The Justice and Development Party (AK Party) celebrated its 16 years under the leadership of President Recep Tayyip Erdoğan. Its supporters call it the AK Party, which means the "clean, untainted and spotless party," while its adversaries prefer to call it simply the AKP.
Until 2002, Turkey was run by a handful of elite at home who had direct links with Western powers. The elite represented a minority of the electorate. Whenever this elite tried to run the country according to their own whims and policies, Western powers would simply stage a coup through the military and reprimand the elite. The silent and generally conservative masses of Turkey which formed about 70 percent of the voters were required to simply obey the elite and tow the line.
Thus Turkey became known in the West as a "military democracy." That ended in 2002. The AK Party, which was founded in 2001, was propelled into power in the 2002 elections as the silent masses of Turkey simply shut out the mainstream parties and performed a silent revolution.
Between 2002 and 2007 the AK Party performed a miracle pushing Turkey out of its shell and accelerating its development process in all spheres. Highways, airports, fast trains, communication facilities were built with great speed, health services and social services were revamped and suddenly Turkey leaped into a new era. Its booming economy, flourishing export markets, high growth rates became an envy of the world and thus propelled Turkey as the 17th largest economy in the world.
Political and democratic reforms put Turkey on the map.
However, the elite that had lost power simply could not digest the fact that the country was run by the conservatives who had the support of the masses. The West also started to see that the AK Party and Erdoğan were running the country according to their own policies and at times were falling at odds with general Western policies and interests.
So the Western powers unleashed a war of attrition against Erdoğan and the AK Party. The challenge by the elite to stall the election of Abdullah Gül as president, the attempts to shut down the AK Party through the Supreme Court after its landslide election victory in 2007 were all indicators of what was to come in the years ahead and they did.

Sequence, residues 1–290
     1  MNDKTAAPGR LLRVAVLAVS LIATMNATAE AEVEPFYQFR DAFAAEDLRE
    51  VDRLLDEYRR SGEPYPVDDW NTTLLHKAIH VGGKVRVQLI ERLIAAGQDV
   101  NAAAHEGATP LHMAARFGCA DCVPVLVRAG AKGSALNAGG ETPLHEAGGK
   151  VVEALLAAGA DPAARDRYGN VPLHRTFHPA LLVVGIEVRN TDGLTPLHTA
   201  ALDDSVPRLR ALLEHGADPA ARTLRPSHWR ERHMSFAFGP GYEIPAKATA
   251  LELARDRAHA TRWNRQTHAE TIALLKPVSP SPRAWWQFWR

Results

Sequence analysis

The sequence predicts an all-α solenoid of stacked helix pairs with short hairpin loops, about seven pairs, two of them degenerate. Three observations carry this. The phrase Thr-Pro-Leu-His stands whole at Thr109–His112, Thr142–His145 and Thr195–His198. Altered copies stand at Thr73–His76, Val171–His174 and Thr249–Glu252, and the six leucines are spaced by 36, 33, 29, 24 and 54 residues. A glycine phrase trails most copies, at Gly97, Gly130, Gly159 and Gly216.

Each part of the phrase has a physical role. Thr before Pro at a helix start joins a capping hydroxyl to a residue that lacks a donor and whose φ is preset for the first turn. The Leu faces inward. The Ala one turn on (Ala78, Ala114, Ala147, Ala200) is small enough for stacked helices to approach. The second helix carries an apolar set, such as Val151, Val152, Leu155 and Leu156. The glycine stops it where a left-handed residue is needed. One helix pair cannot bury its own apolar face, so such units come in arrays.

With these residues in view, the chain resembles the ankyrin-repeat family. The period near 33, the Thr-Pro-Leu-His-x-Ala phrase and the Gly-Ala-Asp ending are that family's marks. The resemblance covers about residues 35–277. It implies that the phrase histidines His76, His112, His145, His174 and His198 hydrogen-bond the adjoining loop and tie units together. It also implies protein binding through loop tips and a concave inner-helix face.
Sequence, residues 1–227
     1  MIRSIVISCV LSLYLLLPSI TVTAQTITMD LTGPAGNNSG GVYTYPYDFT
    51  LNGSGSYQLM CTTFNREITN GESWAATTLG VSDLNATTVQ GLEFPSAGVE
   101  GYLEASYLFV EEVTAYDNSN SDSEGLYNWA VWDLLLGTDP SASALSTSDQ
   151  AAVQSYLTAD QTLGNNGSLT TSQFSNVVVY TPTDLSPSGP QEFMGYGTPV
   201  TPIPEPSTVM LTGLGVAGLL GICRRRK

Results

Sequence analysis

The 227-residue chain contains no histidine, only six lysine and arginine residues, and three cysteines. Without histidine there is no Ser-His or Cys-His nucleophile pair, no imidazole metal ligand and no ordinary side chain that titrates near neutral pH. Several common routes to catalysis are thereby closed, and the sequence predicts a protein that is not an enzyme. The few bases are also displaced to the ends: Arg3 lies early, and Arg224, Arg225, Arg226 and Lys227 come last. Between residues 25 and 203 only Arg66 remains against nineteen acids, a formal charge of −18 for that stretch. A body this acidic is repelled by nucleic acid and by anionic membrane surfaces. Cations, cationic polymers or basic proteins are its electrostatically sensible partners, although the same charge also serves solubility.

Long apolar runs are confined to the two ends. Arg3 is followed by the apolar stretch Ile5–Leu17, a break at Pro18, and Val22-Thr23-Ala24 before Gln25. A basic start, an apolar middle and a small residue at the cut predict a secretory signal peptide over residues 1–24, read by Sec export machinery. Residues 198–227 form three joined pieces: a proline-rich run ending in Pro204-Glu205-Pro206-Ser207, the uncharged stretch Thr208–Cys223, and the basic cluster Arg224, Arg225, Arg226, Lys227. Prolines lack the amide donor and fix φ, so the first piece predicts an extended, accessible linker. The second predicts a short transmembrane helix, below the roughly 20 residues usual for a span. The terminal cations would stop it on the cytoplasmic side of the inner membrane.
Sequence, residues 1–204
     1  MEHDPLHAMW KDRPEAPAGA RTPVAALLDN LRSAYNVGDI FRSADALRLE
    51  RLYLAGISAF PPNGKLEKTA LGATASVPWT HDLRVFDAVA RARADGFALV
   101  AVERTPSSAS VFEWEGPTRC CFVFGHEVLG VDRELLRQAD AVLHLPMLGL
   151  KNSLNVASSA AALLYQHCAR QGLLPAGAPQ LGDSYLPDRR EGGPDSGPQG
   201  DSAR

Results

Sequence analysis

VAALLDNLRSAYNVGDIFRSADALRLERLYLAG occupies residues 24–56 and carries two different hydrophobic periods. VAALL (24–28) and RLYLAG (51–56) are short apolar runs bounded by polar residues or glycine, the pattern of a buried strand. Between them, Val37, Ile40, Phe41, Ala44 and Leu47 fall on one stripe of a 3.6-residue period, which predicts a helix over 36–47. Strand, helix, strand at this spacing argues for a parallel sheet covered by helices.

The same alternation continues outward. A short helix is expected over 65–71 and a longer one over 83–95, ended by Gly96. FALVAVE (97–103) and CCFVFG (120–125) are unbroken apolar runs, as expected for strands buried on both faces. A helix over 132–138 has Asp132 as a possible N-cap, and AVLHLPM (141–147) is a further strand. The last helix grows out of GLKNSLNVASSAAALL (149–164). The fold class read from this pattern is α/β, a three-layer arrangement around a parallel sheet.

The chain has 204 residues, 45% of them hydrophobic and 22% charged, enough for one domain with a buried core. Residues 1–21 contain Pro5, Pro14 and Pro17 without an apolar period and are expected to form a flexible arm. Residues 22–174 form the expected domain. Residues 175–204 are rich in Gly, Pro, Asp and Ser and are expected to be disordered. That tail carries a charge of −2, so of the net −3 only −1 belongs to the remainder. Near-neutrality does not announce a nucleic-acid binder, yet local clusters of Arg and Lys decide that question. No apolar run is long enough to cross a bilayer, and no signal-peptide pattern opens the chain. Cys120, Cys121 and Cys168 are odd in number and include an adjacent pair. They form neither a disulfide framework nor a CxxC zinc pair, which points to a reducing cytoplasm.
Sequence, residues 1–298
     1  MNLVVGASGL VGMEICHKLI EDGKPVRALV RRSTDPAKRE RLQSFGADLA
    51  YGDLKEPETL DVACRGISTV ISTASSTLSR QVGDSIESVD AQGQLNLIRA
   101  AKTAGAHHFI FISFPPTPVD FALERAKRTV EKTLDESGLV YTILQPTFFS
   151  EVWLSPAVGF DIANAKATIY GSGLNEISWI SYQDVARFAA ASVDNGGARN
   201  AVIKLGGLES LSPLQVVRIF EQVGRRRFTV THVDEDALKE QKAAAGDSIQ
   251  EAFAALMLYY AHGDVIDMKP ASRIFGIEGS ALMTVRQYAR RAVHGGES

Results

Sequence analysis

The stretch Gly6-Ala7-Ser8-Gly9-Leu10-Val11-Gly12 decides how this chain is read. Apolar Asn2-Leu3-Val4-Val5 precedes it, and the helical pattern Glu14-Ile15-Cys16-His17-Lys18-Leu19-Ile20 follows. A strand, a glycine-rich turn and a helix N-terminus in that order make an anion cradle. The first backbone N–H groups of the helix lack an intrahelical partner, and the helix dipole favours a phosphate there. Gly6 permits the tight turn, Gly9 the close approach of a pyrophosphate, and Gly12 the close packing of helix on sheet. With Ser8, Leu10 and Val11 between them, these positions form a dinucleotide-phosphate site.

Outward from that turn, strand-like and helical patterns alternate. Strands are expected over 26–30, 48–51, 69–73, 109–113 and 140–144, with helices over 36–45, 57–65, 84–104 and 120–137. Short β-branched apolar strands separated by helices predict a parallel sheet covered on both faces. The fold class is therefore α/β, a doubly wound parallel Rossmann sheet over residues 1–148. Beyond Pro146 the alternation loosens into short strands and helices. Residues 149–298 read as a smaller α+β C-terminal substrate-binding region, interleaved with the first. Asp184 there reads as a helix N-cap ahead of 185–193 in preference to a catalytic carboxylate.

Meanwhile, Erdoğan had started to see that the group of Fetullah Gülen was not to innocent and docile as it seemed on the surface. By 2010 the group had infiltrated all state office and institutions, had taken over the crux of the judiciary and the police force and had made headway in the military. When Erdoğan decided to shut down prep schools the Gülen group showed its teeth by vehemently opposing the move as they were running a major portion of the prep schools and earning hundreds of millions of dollars from them.
The elite that wanted to get rid of Erdoğan and the AK Party seemed to have ganged up with the Western powers to "finish off" the government. They unleashed the Gezi Park incidents in 2013 in Istanbul while the Gülen group turned into a criminal outfit and staged a silent coup against Erdoğan on Dec. 17 and Dec. 25 that year but failed. In 2012 the gang used its prosecutors and judges to arrest the head of Turkish intelligence who was conducting secret negotiations with the PKK to end separatist violence. The Gülen gang was out to "get" Erdoğan and the government.
Erdoğan was elected president with yet another landslide victory that forced the elite, the West and the Gülen gang to intensify their campaign to topple the AK Party government. This seems to have culminated with the July 15, 2016 coup attempt by soldiers affiliated to the Gülen gang. The bloody coup turned the Gülen gang into a terrorist outfit. Now the government has weeded out Gülen supporters from the state apparatus, have cleansed the military, the police force and the judiciary.
So since 2007 Erdoğan and the AK Party have been fighting an uphill battle at home and abroad. This has also inevitably stalled Turkey's political and democratic reforms. Despite this, Erdoğan and the AK Party have performed miracles to help Turkey move forward in its economic and social development.
Now on its 16th anniversary, the AK Party is setting new targets to resume its reformation movement not only to revamp the party and its organizational structure but also revive the democratic and political reforms.
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